除了触手具备的惊人感应能力外,头足类动物还拥有一流的视觉,能够产生和存储短期及长期记忆,而且可以轻松学会新的任务。有些头足类动物甚至能够使用工具。多次有人看到野生章鱼用石头堵住自己巢穴的入口,甚至还有人见过章鱼使用空椰子壳作为临时避难所。在水族馆里,章鱼以好玩而著称。它们拥有基本的个性,在攻击性和互动性方面表现出个体差异。它们甚至能够通过观察其他章鱼学会解决问题的方法,即使好几年不练习仍然可以记住这些方法。

 

它们有时还会把大量的注意力转移到人类身上,形成自己的喜好。惹恼章鱼可不明智:它们心中的积怨持续的时间之久远超你的想象。作家赛伊·蒙哥马利(Sy Montgomery)曾经在《猎户座杂志》(Orion Magazine)上讲过一个名叫杜鲁门(Truman)的水族馆章鱼的轶事:只要一有机会,杜鲁门就会用自己的漏斗(也就是头部旁边用于穿过海水的虹管)[Yu: “穿过海水应该翻译成在海水中飞速向前”]向这位年轻女士喷射一股盐水[Yu: 海水]。后来,那位女士考上大学,不再担任志愿者。但当她几个月后回来参观时,这段时间再也没有喷射过任何人的杜鲁门看到了她,就立刻向她喷出水柱。

 

 

All of that is particularly impressive considering these animals only live for a few years. Primates, dolphins, elephants, parrots, and all the rest of the so-called "smartest animals" can live for decades. It makes sense that evolution would have driven us to develop long-term memory skills, and the ability to form and retain reputations of other people, since an ability to remember our friends and enemies could be crucial for survival. But that's not true of cephalopods, who are not social (except when it comes to mating) and who live such brief lives.

So how did this squishy sea-dwelling invertebrate evolve an intelligence that rivals the smartest among spined animals? Andrew Packard, a University of Edinburgh physiologist, thought that it was because the invertebrate cephalopods evolved in an environment in which they had to compete with fish for food, and in which they had to avoid being eaten by the same predators as the fish. Since the ancestors of fish and octopuses were eaten by the same predators, chief among them the ichthyosaurs ("the dolphins of Mesozoic seas," says Packard), in many ways they were subject to the same selection pressures. Fossil records reveal similar migration patterns among cephalopods and fish. They first emerged in relatively shallow, coastal waters, moved into more oceanic, deeper seas, and eventually came back to recolonise the coasts.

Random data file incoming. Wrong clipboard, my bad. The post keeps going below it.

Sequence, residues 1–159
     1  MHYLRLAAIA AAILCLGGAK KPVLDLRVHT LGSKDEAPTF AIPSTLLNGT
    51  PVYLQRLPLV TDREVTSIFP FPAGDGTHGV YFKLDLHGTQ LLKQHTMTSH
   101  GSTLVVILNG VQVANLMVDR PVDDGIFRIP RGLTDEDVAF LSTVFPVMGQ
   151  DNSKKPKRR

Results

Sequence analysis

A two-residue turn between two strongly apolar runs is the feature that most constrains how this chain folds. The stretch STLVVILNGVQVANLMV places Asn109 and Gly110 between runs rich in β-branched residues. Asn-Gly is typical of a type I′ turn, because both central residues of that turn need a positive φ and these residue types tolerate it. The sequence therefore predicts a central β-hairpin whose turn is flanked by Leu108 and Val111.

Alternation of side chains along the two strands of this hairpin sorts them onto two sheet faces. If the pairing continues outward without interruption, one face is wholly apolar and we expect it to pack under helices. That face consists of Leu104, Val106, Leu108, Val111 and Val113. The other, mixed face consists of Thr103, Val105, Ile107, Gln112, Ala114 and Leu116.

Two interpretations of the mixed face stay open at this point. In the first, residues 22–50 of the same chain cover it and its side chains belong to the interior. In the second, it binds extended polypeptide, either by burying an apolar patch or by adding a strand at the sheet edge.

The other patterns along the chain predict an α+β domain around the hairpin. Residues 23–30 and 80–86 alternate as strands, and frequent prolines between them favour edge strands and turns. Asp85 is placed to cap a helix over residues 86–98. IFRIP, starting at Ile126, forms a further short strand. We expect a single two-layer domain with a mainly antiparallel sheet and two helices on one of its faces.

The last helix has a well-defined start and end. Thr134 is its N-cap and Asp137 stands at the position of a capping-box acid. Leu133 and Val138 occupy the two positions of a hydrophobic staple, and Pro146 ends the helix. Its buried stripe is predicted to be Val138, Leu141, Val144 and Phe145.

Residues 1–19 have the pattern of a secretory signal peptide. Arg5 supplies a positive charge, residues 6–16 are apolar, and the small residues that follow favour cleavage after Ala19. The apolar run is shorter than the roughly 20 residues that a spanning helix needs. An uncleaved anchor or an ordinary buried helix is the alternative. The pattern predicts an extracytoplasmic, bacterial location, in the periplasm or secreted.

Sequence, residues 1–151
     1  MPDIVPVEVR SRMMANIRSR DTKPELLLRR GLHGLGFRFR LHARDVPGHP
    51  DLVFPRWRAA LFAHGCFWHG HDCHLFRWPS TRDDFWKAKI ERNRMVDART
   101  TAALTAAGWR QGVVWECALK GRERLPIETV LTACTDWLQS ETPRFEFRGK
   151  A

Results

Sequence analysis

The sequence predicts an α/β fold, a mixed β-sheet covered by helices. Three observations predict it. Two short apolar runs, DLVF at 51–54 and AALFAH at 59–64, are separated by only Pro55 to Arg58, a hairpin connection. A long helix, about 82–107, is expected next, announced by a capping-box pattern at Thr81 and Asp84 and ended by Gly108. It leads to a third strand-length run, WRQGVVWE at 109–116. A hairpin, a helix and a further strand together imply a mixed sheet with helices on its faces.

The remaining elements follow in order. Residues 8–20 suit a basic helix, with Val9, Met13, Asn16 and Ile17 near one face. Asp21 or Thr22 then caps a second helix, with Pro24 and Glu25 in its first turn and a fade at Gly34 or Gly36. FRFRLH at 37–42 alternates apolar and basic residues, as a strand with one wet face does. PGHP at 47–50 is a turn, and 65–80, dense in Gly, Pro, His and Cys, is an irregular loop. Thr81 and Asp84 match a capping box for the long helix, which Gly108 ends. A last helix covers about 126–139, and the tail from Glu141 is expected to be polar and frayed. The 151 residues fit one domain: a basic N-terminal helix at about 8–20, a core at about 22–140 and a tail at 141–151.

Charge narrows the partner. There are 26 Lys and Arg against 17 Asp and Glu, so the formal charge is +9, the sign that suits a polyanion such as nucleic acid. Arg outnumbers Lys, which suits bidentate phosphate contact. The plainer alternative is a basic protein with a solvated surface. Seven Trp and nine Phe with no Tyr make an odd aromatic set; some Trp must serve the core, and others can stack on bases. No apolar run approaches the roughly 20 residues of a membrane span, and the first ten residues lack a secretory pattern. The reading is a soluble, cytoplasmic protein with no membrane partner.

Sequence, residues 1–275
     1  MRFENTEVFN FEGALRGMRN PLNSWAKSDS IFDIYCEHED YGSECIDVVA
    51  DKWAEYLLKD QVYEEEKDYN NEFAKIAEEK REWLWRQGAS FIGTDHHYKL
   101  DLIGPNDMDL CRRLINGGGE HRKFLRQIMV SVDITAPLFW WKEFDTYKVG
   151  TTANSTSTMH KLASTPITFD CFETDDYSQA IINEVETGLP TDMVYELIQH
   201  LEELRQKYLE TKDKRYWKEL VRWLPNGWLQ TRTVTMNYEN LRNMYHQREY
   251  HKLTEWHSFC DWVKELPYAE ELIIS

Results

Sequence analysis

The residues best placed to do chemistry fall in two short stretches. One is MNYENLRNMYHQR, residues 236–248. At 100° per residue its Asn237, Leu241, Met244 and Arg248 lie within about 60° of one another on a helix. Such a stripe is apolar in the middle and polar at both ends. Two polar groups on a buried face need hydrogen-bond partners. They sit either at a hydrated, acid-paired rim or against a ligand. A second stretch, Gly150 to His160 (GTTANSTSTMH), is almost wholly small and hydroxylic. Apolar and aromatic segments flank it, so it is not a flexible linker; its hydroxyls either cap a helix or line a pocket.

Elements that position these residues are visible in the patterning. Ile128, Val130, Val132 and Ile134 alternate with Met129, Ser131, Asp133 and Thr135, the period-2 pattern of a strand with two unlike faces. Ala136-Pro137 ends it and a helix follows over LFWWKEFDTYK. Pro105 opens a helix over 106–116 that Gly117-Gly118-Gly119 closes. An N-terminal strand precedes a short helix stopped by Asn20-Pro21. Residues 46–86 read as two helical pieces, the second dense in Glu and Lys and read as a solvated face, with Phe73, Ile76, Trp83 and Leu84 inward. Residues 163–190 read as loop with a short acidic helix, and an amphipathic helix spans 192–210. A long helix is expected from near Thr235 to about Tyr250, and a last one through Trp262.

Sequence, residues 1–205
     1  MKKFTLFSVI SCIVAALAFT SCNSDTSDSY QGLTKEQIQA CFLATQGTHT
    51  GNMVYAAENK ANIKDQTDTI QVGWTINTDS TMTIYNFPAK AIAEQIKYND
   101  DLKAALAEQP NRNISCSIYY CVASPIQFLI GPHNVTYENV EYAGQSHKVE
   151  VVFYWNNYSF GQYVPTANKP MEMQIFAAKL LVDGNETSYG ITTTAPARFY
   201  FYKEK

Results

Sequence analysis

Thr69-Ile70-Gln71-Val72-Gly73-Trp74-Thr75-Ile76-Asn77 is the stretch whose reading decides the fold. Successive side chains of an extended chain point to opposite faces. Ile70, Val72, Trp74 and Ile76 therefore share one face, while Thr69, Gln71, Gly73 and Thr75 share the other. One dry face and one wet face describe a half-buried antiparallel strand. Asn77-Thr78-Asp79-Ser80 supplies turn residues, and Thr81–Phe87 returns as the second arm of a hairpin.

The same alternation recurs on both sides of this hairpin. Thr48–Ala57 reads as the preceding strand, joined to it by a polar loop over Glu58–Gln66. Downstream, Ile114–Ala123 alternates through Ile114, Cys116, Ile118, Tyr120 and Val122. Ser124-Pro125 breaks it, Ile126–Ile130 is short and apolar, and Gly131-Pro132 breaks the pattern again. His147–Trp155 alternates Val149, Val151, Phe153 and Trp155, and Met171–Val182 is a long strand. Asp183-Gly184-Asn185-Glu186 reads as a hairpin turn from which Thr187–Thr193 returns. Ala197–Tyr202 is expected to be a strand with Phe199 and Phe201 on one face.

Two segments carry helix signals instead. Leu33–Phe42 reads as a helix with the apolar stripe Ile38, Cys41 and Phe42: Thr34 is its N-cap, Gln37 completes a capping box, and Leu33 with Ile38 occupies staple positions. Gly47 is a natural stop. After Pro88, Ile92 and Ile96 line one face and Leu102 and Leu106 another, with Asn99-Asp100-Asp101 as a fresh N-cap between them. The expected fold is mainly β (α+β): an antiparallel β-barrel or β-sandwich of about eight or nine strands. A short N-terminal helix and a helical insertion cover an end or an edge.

If Packard is right, then the alien octopus's vertebrate-like intelligence was the result of having to survive in a world dominated by vertebrates. Our own ancestors' behaviour, in a way, unintentionally pushed cephalopods to create themselves in our own image. Or as Packard mused, "it is as if natural selection had favoured those that took the line, ‘if you cannot beat them, join them.'"

If you would like to comment on this, or anything else you have seen on Future, head over to our Facebook or Google+ page, or message us on Twitter.

 

由于这种动物的寿命只有短短几年,所以这一切都令人格外惊奇。灵长类动物、海豚、大象、鹦鹉和其他所谓的最聪明的动物都能生存好几十年。这也可以解释它们为何进化出了长期记忆能力,以及塑造和保留他人形象的能力,因为能够记住朋友和敌人对于生存而言至关重要。但头足类动物却并非如此,除了交配外,它们没有社交生活,而且寿命非常短暂。